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2002 NSERC Awards for Science Promotion

Evergreen Theatre Society

Tara RyanThe Evergreen Theatre Society has been a lively and imaginative educational presence in Alberta for the last 11 years. More than 600,000 people have enjoyed this group's unique blend of basic science and fast-paced drama, during their annual tours in Canada and the United States.Through shows with titles like PondScum Inc., Full of Hot Air, and Rockin' and Eroding, Evergreen has addressed topics ranging from climate change and environmental issues to electromagnetism and aerodynamics. More recently, Evergreen has broadened its approach to incorporate its theatre activities into a day-long program made up of classroom presentations supported by resource materials for teachers. Nevertheless, the goal remains the same: providing young people with some of their fondest memories of the role played by science in our world.

Discover Engineering

Lisa AndersonThe Discover Engineering initiative at Ryerson University has pioneered outstanding programs for girls and young women, including a summer camp that provides hands-on experiences led by female undergraduate engineering students who also run workshops at local schools. Discover Engineering also hosts a career conference for grades 11 and 12 and has introduced the "Be Prepared" program and the Engineer Badge in partnership with the Girl Guides of Canada. Over 50 per cent of camp participants have enrolled in engineering programs and on average 80 per cent have gone on to study at university.


Patrick FernetThe ISPAJES Project (Ingénierie Simultanée Présentée Aux Jeunes du Secondaire) introduces grade 9 students to the engineering profession by giving them the opportunity to design a product or system based on a client's needs. With help from business people, researchers, and teachers, the students work in teams to find a creative and workable solution to their "assignment." Over the course of a school year, the participants are exposed to research and development, production basics, quality tools, and marketing. They also visit companies and laboratories. ISPAJES Project involves 14 schools and 1,000 students. By familiarizing young people with the scientific and technological world, ISPAJES demonstrates that it is possible to create lasting links between schools and companies.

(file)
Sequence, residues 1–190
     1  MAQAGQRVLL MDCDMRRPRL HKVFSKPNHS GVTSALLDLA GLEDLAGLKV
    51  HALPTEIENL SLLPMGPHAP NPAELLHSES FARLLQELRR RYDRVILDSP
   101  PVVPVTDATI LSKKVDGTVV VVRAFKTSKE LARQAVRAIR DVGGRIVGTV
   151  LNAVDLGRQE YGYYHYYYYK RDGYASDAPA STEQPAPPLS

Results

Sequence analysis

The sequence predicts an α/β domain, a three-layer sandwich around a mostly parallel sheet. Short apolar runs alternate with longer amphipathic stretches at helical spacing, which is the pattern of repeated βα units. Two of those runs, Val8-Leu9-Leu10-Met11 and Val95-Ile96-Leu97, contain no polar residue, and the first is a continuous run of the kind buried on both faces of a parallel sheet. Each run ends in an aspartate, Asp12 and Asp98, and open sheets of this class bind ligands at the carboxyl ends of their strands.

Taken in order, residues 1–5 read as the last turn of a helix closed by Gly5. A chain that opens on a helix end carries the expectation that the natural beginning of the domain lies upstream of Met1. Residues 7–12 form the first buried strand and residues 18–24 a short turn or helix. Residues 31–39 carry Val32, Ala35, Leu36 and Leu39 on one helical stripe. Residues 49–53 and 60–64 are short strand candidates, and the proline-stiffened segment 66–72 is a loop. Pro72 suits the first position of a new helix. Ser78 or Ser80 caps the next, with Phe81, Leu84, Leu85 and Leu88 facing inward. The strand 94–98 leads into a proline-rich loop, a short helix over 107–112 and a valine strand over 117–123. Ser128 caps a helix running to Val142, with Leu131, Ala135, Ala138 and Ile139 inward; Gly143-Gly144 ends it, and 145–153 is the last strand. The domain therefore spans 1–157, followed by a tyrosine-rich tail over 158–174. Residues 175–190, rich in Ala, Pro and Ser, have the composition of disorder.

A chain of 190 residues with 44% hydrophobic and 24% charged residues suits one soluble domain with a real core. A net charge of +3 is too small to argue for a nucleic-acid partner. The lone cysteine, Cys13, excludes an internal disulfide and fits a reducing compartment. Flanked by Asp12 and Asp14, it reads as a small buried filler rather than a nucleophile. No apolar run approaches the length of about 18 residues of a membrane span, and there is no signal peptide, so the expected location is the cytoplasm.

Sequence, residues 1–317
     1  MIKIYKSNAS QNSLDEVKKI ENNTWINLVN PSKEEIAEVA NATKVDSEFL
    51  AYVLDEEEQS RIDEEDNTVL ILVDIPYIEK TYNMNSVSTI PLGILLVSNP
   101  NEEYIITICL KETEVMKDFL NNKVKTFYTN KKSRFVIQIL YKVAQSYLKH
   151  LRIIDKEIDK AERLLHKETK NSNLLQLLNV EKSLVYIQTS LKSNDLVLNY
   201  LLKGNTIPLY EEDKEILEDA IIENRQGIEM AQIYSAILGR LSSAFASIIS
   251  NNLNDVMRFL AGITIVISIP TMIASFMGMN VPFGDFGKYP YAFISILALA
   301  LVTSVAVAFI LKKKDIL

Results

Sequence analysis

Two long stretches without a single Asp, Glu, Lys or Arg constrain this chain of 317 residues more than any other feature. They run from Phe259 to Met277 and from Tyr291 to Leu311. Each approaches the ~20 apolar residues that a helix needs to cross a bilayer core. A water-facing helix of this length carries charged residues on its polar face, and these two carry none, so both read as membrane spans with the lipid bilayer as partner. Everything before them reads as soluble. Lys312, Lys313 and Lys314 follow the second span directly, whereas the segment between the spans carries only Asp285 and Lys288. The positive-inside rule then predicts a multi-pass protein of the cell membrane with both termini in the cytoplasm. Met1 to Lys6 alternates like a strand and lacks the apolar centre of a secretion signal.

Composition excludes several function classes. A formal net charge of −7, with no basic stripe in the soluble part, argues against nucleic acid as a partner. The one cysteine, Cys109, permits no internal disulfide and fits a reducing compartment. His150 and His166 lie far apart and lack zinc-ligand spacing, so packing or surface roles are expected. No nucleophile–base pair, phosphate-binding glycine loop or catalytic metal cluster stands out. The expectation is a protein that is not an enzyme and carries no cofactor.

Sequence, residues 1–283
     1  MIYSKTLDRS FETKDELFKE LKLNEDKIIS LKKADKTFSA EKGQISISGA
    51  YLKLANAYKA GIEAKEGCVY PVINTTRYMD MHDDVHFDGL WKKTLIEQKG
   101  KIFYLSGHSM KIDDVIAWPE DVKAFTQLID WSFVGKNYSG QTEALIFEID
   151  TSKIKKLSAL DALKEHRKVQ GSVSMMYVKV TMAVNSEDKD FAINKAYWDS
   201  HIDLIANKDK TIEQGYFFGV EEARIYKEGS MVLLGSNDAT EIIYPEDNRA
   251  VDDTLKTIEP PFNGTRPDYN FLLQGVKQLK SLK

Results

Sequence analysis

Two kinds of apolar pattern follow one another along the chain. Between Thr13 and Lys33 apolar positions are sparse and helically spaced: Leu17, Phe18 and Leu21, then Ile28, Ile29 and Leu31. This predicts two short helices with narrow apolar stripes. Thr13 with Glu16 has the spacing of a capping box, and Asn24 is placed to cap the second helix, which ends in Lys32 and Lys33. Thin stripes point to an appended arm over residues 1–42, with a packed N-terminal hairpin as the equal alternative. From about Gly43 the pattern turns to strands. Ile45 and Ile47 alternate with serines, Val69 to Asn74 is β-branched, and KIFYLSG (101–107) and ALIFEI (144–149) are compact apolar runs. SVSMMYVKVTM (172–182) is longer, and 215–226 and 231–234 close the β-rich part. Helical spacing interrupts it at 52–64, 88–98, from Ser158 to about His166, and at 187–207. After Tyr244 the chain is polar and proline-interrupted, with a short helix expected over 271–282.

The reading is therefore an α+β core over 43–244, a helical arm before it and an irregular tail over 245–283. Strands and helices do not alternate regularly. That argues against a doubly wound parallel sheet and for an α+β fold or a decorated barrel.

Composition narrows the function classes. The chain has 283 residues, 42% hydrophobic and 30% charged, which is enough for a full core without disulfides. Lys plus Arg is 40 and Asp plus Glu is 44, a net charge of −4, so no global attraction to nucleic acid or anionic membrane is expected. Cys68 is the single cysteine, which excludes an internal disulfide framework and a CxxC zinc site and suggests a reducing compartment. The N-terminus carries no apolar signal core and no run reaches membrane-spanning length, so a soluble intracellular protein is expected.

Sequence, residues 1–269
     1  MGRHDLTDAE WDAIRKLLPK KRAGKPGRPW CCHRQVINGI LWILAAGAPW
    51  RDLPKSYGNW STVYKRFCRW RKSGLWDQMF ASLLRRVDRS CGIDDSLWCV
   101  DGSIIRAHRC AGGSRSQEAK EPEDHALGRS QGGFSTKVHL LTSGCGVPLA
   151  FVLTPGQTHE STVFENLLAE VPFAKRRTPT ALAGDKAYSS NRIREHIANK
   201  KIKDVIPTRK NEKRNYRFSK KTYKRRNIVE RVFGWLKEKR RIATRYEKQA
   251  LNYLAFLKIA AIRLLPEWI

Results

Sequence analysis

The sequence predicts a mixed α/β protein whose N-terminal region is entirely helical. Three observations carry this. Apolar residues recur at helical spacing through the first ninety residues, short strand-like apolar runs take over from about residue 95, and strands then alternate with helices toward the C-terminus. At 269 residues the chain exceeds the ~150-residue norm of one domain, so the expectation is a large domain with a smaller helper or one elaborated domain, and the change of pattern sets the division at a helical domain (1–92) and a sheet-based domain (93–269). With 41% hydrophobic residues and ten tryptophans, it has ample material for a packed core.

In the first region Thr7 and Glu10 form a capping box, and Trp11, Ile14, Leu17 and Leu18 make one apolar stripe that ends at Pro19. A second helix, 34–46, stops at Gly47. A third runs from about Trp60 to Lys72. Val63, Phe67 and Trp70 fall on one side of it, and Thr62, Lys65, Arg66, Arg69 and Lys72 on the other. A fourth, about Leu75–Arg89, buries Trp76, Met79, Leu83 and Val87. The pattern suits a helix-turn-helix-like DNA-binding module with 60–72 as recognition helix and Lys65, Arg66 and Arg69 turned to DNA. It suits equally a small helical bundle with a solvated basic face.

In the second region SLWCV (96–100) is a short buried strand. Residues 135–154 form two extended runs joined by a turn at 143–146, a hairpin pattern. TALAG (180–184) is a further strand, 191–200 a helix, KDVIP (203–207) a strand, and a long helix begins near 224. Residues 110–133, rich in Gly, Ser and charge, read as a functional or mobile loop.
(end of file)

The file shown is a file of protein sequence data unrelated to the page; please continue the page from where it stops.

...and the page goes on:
Jamie Bastedo

The ghosts of a geologist and an arctic explorer are two of the living history presentation characters that share a 2002 Michael Smith Award with their portrayer, Jamie Bastedo, a vibrant science educator and communicator. Since the 1990's, through a dazzling array of innovative initiatives spanning family and school presentations, enthusiastic hands-on field experiences, videos, posters, books, articles and radio shows, Jamie has very effectively promoted popular interest in science to audiences of all ages in the Northwest Territories and beyond. A deep understanding of the sciences ranging from biology and geology to climate, often underpinned with local aboriginal knowledge, have fulfilled Jamie's mission to "Take Northern Science to the Streets."

Eric R. Muller

Eric R. MullerEric Muller has been a mathematics and science educator for over 30 years. Through hands-on learning at camps, fairs, and workshops, schoolteachers, students, as well as aboriginal youth alike have had the opportunity to learn and become intrigued by science and mathematics. Through creative innovations such as the Math Trails booklets and the Canadian Virtual Math Trail, students use math to explore the history and unique features of Canadian landscapes. Eric has also created games such as Brock Bugs and Brock Bees which promote mathematical thinking and develop a sense of logic and foresight. These activities are in addition to his decades of teaching and mentoring, for which he has received numerous awards.